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Sunderland pursues bike lane options for Route 47

  • Town officials meet in October to discuss a state-funded North Main Street reconstruction project scheduled for 2020. Recorder Staff/Andy Castillo—

  • A design variation of a state-funded reconstruction project for North Main Street in Sunderland, which includes two one-way bike lanes on either side of the road. Recorder Staff/Andy Castillo—



Recorder Staff
Monday, November 14, 2016

SUNDERLAND — A design variation to build a 10-foot-wide, shared-use bike path along North Main Street, funded by a state grant, is gaining momentum.

During a joint meeting of the Select Board, Planning Board and Community Pathways Committee, a consensus was reached to pursue adding the path on the west side of state-controlled Route 47, the side closest to the municipal buildings.

Town Administrator Sherry Patch said the project is funded by the state Department of Transportation and is “scheduled for construction in 2020.” Patch noted that “a public hearing will be held in the future.”

In addition to the path, the design calls for repaving and slightly widening the road in some places to meet state requirements. A new sidewalk would also be constructed on the opposite side of the road.

The Franklin Regional Council of Governments’ 2016 Regional Transportation Plan describes the project as “box-widening and resurfacing North Main Street from the Route 116 intersection to Claybrook Drive.”

Also included is “sidewalk reconstruction, new wheelchair ramps, drainage system replacement and new pavement markings and signage.”

Alternative designs

John G. Morgan, the section manager for CHA Engineering tasked with designing the project, presented a few variations of the project to town officials during the meeting.

Among those designs was a proposal to widen the road and create two bicycle lanes on each side. Another was a proposal to add single-lane, one-directional bike paths parallel to two sidewalks.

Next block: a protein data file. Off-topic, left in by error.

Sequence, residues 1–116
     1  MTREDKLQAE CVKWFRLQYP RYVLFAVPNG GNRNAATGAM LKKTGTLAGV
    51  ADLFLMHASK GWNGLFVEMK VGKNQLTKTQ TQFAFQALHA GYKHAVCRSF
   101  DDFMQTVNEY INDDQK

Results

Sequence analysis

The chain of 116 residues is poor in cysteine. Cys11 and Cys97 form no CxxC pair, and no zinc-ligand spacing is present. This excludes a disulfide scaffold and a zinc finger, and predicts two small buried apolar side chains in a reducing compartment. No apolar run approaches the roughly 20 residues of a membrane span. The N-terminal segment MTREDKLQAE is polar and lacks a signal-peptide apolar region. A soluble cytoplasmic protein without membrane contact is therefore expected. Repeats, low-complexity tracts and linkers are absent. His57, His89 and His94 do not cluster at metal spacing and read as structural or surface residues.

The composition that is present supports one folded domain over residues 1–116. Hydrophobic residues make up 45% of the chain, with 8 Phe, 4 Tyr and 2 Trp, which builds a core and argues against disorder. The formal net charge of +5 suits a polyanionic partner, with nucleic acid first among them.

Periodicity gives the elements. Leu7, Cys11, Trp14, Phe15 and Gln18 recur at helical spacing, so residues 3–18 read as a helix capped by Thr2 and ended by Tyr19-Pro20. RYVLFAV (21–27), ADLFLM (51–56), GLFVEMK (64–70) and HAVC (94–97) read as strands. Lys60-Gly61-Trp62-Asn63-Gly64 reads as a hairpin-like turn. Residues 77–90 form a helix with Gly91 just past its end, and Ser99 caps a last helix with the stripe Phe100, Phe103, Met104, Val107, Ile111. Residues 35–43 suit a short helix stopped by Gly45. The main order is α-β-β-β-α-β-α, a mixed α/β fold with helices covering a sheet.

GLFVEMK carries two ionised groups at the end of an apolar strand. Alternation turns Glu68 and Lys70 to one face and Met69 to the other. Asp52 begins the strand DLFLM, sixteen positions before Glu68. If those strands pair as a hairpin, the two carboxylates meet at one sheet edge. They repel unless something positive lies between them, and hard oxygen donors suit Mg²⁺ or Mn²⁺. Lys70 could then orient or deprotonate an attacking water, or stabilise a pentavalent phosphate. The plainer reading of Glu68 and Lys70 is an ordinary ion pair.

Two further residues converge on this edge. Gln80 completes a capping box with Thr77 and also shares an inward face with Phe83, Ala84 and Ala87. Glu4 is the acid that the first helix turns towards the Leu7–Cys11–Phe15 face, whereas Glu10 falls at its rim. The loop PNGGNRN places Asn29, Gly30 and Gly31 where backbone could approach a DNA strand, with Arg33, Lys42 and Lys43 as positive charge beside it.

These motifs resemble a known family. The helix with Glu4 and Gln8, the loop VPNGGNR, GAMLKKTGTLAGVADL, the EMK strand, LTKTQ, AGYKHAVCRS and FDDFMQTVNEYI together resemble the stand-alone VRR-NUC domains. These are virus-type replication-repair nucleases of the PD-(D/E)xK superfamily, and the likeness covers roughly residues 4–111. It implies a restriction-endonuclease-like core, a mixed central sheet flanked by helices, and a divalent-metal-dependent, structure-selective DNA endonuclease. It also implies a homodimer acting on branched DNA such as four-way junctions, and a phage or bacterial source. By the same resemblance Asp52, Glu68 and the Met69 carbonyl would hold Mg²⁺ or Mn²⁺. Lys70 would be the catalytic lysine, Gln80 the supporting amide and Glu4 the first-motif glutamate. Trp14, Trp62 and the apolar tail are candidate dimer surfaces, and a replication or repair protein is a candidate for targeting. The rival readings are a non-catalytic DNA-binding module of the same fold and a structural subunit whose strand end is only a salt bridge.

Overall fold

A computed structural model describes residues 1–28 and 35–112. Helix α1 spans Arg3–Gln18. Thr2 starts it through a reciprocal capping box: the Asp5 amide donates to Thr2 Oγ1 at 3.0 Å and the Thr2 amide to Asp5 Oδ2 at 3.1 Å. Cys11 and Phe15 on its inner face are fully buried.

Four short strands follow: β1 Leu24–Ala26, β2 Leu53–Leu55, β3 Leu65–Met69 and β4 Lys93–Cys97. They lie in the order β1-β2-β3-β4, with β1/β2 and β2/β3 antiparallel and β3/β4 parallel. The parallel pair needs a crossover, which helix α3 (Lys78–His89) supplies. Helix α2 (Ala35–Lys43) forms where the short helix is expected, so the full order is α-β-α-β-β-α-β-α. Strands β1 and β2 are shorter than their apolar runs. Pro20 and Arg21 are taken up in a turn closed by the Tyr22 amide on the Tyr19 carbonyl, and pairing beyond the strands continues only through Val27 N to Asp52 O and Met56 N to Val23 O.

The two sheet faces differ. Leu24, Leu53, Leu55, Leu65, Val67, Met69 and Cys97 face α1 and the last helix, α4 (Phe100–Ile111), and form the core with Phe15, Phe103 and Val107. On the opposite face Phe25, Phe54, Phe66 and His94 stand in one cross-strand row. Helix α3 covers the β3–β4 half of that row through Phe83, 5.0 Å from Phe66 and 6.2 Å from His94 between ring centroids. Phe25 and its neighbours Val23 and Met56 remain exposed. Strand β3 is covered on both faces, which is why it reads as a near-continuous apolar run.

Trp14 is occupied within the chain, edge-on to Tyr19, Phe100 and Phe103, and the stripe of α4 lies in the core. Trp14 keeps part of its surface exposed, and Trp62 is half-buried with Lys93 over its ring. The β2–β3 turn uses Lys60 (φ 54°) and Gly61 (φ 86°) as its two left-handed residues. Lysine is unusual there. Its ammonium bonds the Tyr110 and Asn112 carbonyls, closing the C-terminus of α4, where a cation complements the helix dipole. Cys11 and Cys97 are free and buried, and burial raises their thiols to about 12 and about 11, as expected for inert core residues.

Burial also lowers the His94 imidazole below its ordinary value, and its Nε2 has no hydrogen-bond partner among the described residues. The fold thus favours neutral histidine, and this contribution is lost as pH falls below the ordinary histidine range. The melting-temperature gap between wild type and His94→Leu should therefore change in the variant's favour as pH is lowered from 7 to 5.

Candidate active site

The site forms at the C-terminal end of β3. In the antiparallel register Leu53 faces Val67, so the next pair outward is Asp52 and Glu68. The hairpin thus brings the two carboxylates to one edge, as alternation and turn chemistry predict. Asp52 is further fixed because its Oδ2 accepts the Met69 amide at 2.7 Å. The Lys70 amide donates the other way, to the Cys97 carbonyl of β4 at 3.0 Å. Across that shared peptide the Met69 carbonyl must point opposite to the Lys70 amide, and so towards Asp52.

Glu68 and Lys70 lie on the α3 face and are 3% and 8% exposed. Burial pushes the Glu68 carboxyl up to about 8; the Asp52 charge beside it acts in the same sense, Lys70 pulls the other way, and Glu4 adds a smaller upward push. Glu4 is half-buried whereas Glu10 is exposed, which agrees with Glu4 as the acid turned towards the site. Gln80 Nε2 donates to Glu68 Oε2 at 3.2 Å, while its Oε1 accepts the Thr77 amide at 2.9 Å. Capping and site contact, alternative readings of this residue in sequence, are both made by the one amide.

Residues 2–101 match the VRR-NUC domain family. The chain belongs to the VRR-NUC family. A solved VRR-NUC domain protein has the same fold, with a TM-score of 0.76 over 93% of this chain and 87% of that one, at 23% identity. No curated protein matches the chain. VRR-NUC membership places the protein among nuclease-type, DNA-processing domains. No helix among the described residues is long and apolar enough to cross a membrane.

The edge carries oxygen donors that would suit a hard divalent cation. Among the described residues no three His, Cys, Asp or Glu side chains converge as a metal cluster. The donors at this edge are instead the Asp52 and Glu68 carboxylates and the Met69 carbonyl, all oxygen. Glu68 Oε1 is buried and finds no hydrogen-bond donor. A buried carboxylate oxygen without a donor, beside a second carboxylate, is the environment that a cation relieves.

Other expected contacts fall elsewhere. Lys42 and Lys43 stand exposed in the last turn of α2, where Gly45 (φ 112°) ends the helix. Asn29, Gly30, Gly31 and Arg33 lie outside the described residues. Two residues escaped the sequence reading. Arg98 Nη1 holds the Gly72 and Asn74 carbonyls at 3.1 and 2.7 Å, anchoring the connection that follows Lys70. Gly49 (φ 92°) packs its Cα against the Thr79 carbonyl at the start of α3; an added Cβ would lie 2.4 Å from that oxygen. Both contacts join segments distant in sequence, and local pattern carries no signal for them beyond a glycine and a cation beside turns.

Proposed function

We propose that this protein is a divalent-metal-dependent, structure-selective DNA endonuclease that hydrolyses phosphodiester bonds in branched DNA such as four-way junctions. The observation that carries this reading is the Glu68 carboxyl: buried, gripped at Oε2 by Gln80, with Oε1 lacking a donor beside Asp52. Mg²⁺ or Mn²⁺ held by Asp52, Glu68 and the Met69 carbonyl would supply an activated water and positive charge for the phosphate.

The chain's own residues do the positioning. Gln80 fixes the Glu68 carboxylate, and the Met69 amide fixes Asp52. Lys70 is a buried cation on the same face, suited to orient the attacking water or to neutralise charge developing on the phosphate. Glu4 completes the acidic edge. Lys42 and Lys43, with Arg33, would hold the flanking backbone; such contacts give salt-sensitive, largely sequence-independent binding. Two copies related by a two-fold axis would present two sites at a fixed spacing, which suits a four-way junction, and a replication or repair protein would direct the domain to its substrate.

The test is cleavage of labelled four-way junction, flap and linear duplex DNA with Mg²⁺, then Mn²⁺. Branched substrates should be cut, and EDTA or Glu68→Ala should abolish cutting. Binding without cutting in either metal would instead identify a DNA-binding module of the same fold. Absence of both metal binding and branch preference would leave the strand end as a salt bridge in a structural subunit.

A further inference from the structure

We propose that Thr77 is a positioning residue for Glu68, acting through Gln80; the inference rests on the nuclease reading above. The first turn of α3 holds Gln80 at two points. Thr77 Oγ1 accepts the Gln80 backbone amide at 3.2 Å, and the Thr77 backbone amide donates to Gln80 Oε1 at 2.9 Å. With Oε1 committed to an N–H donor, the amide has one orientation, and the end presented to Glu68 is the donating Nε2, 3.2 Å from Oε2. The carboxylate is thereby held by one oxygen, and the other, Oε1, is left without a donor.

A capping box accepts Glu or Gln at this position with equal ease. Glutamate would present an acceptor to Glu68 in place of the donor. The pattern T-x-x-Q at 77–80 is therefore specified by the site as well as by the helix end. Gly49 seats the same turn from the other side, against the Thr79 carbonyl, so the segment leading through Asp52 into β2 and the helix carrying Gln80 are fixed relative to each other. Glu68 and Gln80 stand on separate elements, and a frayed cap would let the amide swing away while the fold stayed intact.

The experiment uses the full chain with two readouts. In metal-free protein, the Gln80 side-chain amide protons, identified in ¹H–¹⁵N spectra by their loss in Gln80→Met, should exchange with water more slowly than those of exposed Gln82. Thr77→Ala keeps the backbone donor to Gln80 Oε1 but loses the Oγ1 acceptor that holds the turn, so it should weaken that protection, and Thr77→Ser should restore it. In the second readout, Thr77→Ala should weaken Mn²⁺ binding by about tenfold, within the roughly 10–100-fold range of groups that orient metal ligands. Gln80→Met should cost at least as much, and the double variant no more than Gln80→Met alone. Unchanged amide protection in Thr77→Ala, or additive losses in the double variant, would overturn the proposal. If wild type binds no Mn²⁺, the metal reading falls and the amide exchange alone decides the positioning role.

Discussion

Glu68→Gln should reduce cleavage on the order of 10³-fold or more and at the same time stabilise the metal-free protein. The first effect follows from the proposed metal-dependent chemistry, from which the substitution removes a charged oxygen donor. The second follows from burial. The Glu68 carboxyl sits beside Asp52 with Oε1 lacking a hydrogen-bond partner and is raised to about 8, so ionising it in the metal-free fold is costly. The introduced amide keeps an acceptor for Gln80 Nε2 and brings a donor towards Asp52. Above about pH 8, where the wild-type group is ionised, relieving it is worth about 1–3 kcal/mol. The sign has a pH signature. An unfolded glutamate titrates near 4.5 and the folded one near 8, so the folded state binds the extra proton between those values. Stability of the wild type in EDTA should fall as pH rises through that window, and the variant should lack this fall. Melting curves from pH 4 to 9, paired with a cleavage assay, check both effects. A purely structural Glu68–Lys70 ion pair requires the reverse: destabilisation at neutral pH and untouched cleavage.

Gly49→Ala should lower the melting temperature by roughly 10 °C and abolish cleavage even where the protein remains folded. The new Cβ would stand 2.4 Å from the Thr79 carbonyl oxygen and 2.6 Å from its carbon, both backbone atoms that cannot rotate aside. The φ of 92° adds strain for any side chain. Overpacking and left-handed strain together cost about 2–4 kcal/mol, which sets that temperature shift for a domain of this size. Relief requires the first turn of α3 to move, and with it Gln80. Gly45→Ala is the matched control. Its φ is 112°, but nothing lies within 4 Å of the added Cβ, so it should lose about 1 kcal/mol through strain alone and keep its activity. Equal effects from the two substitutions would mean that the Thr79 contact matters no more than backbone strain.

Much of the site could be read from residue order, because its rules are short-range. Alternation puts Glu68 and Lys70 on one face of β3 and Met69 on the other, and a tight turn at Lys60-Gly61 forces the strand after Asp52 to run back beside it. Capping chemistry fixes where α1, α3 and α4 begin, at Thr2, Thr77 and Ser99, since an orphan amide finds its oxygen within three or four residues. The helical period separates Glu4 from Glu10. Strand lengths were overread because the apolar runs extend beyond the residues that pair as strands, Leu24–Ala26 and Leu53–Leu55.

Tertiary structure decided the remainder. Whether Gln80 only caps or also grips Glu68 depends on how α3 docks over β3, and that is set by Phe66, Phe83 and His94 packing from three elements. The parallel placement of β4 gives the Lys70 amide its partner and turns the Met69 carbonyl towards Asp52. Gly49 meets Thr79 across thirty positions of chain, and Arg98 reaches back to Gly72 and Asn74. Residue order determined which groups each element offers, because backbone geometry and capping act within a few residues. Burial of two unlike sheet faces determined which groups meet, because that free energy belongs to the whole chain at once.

Ultimately, officials felt the shared-use bike path design would work best because it would encourage pedestrian traffic, and be easily replicated alongside other roadways in town.

In the end, Selectboard Chairman Thomas Fydenkevez asked Morgan to further research the shared-use path design, as well as adding a few crosswalks.

Officials expressed hopes that a shared-path project would appeal to residents who don’t currently use the road for recreational purposes. Selectman David Pierce also noted potential economic impacts from increased pedestrian traffic in the center of town.

Also noted during the meeting were the needs of cyclists who won’t use a shared-use path.

“I would expect to see a single rider, or a couple of riders (on the path),” said Selectman Scott Bergeron, adding, “you’re not going to see a peloton of riders. They’re going to stay on the road.”

Gary Briere, who’s on the Community Pathways Committee and also an avid cyclist, said more serious riders would benefit from the shared-path design variation because the road would be widened to a uniform 26 feet.

Negative consequences with the variation includes removing trees. In order to save as many as possible, Morgan said the state might allow the path to be reduced to eight feet in some sections.

At least in part, the project is driven by safety concerns — specifically, concerns that cars drive too fast down the road, bicyclists don’t have enough room on the shoulder, and sidewalks need repair and aren’t accommodating for pedestrians.